By Peter Hummers on September 13, 2019
The Tudors (2007-2010) begins with a bang — the 1510 assassination of King Henry VIII’s uncle in Urbino, almost sparking a war with France. Not a family-friendly show, it continues with another – the young and handsome king (Jonathan Rhys Meyers) having his way with a courtier. Afterwards, he asks her, “And how is your husband?”
“He’s extremely jealous,” she replies, laughing. Later, Henry’s own wife, Queen Katherine of Aragon, asks, during a meal, “When will you visit my bed-chambers…as you used to?”
This is not the Hans Holbein portrait we are familiar with, nor Charles Laughton’s 1933 film portrayal. On the other hand, Henry’s marrying six times makes sense. The young King Harry was a buff womanizer, athlete and sportsman, but mercurial, imperious and impetuous. Thomas More (Jeremy Northam) complains to Cardinal Wolsey (Sam Niell) that he fears he has lost the King’s favor. Wolsey tells him, “You must be prepared to give him the thing you most care for in all the world.” “The thing I care for the most is my integrity,” More responds, to Wolsey’s assenting silence.
The series is a sprawling master class in international politics, intrigue, romance, cupidity, treason and revenge. It covers Henry’s marriages, especially to Anne Boleyn and the attendant founding of the Church of England, and can be seen on Netflix and Showtime with subscriptions, and also at $1.99/episode on Amazon Prime, VUDU and others. 1:42 trailer here.
In 1837, the melancholy 18-year-old niece of King William IV ascended to the crown on the sudden death of her uncle. Princess Alexandrina Victoria of Kent later wrote in her diary, “I was awoke at 6 o’clock by Mamma, who told me the Archbishop of Canterbury and Lord Conyngham were here and wished to see me. I got out of bed and went into my sitting-room (only in my dressing gown) and alone, and saw them. Lord Conyngham then acquainted me that my poor Uncle, the King, was no more, and had expired at 12 minutes past 2 this morning, and consequently that I am Queen.”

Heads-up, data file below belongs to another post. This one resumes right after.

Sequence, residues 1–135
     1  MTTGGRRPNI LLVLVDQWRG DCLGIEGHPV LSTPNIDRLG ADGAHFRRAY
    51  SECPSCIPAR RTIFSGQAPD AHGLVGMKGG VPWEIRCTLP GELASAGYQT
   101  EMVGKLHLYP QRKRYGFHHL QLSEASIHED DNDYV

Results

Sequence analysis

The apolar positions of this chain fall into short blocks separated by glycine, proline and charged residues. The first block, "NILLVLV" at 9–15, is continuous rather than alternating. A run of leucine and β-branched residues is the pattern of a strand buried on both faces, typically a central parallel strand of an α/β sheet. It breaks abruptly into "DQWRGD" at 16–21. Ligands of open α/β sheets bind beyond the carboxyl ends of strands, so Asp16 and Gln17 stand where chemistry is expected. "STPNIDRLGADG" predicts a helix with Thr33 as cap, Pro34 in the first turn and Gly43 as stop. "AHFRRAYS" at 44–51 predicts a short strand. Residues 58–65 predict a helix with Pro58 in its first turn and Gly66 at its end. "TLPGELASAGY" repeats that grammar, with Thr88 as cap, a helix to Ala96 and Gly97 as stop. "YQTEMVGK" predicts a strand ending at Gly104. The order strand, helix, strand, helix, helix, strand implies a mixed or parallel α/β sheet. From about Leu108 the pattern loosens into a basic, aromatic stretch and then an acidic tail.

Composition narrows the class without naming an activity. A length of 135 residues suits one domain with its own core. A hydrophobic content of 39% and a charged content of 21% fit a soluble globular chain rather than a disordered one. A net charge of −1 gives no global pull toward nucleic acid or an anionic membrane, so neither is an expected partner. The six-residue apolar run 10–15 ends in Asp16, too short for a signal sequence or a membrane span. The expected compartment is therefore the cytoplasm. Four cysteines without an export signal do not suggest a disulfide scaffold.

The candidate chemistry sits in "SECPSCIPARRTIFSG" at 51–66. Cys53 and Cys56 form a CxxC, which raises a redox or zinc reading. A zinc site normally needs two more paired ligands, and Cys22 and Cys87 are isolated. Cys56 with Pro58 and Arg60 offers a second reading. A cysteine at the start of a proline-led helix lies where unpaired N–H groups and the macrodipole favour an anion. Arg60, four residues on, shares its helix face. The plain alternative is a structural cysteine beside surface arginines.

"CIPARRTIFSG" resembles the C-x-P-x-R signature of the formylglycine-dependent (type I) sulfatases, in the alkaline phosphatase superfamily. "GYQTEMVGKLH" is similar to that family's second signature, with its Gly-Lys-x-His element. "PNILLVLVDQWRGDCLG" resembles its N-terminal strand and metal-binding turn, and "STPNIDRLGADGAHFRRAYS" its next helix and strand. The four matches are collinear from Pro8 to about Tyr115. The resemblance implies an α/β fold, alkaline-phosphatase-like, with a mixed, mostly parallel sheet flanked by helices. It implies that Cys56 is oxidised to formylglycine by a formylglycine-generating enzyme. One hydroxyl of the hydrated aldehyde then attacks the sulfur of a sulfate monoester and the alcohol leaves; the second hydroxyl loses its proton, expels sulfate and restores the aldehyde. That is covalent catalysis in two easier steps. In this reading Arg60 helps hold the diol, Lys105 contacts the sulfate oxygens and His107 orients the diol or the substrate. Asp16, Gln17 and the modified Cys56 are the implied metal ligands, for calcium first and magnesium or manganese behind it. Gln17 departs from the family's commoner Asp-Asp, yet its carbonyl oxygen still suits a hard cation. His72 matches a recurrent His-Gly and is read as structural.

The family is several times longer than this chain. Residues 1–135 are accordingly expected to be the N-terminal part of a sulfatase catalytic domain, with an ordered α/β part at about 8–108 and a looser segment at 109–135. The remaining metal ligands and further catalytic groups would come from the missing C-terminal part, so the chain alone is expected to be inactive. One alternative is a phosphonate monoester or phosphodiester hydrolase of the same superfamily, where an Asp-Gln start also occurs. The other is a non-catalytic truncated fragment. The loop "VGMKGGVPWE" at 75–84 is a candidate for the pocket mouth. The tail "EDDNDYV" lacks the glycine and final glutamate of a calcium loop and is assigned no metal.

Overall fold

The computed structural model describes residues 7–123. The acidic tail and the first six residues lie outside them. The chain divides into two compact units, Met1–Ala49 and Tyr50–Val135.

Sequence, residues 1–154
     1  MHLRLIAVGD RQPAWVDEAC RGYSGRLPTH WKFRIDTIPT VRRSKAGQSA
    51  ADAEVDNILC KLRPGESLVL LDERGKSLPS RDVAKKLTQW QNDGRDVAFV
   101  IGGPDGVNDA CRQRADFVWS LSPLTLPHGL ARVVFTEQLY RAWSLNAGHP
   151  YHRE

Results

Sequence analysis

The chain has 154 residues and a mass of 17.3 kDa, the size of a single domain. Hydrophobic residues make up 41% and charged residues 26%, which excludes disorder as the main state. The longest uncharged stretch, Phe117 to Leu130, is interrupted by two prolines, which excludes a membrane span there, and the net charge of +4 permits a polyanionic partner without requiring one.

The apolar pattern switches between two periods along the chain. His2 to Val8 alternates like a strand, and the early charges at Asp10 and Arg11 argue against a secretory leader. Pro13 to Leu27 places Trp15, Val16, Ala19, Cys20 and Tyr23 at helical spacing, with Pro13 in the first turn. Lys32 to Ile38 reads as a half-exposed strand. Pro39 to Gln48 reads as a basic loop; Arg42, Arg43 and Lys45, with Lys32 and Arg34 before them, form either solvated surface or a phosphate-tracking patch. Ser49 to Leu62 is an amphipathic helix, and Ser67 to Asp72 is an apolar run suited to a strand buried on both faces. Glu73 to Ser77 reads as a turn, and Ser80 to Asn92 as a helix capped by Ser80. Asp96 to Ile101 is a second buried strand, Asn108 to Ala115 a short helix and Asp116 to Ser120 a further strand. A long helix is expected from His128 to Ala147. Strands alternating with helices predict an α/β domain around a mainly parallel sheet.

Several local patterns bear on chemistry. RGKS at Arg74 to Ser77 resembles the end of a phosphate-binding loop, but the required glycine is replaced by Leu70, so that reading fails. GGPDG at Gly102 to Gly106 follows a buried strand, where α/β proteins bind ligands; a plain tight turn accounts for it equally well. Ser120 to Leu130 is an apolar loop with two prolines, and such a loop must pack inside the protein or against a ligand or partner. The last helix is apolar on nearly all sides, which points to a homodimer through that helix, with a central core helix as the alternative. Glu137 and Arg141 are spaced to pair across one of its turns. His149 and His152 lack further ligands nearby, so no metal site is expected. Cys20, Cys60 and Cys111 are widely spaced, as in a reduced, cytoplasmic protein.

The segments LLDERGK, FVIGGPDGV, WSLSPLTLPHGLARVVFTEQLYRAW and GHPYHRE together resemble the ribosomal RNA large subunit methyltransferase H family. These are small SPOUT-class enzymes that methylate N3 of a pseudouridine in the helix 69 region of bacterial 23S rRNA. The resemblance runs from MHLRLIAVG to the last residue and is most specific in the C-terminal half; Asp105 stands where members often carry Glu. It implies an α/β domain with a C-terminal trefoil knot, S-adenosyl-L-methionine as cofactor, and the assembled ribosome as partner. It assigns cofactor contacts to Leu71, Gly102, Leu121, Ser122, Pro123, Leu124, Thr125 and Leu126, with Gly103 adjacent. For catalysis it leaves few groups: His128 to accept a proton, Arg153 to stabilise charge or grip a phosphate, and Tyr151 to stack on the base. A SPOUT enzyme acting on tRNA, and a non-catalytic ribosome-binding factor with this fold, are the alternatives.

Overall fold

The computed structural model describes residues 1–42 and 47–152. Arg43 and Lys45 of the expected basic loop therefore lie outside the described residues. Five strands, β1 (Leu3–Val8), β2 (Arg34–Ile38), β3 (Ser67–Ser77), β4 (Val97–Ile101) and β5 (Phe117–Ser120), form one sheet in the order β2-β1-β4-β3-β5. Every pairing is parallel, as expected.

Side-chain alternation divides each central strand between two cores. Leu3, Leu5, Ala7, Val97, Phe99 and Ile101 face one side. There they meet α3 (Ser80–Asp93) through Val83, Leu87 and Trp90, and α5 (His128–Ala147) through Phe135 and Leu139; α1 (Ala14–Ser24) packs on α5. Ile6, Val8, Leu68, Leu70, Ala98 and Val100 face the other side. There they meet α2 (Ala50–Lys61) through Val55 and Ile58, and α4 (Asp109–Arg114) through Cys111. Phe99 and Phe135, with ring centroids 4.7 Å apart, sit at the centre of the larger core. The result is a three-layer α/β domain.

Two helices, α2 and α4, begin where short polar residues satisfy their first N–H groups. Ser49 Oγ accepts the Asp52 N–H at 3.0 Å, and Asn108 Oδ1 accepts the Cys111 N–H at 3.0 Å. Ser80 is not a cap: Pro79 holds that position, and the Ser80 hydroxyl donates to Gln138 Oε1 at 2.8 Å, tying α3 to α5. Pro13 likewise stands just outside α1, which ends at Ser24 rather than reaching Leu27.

The dramatic 2016 Masterpiece Theater production of Victoria gives insight into the youngster who became another dour eminence of popular history, and her family and court. Jenna Coleman plays her similarly to Jonathan Rhys Meyers’ Henry VIII in The Tudors: an attractive youngster, in Victoria’s case a startled teenager, who has had the crown of England thrust upon her. If ever a young lady needed to grow up quickly, she did – reigning ultimately for 63 years and becoming a revered British heroine in the process. Rufus Sewell is excellent as her mentor Lord Melbourne.
Seasons 1 and 2 can be had with a subscription to Amazon Prime and for $1.99/episode at VUDU and Fandango. Season 3 (2019) is available for $1.99/episode on all those services. A two-minute trailer is here.
In 1952, another young woman suddenly faced the same task that her great-great grandmother had 115 years before. Princess Elizabeth (Claire Foy – she played Anne Boleyn in Wolf Hall, another miniseries about Henry VIII) and her new husband Philip Mountbatten had set out for a tour of Australia and New Zealand representing her ailing father, King George VI (Jared Harris, Mad Men and Chernobyl). They had just returned to their Kenyan digs when word arrived of the death of the King and consequently Elizabeth’s immediate ascension to the throne.
Her husband Philip, who was a political exile from Greece, was a hail-fellow-well-met officer in the Royal Navy, one of the lads. There were mild controversies of his foreign birth, recalling Victoria and Albert’s, and that he had no financial standing. His sisters had married German noblemen with links to the Nazi party. But worse to him was that now he became merely the Queen’s consort, forbidden from active service. He resented having to live in his wife’s shadow, taking up aviation and other dangerous pursuits.
She, meanwhile, bemoaned her lack of a political education and vowed to fix that. As she was also a modern young woman in 1952, she dragged the British court into the 20th century, having her coronation televised, which scandalized those who thought the Royal Family should remain aloof. One of her biggest mentors turned out to be Winston Churchill (John Lithgow in an amazing turn), who understood her and in return, she did what she could for his post-WWII career. Her uncle Edward VIII, who had abdicated to marry an American socialite, was forever trying to pry “a living” out of the Court, while cooling his heels in New York. Her sister, Princess Margaret (Helena Bonham Carter), scandalously married a divorced man.
All this and more royal bedlam can be had with a subscription to Netflix. The first and second seasons of The Crown are up, with the third and fourth in production. A three-minute trailer is here.
I have so far covered streaming series that must be rented or appear on subscription-only platforms. There is a wealth of practically free (ad-supported) options out there that will be the subject of my next column. Email me here and follow Stream On OBX on Twitter.
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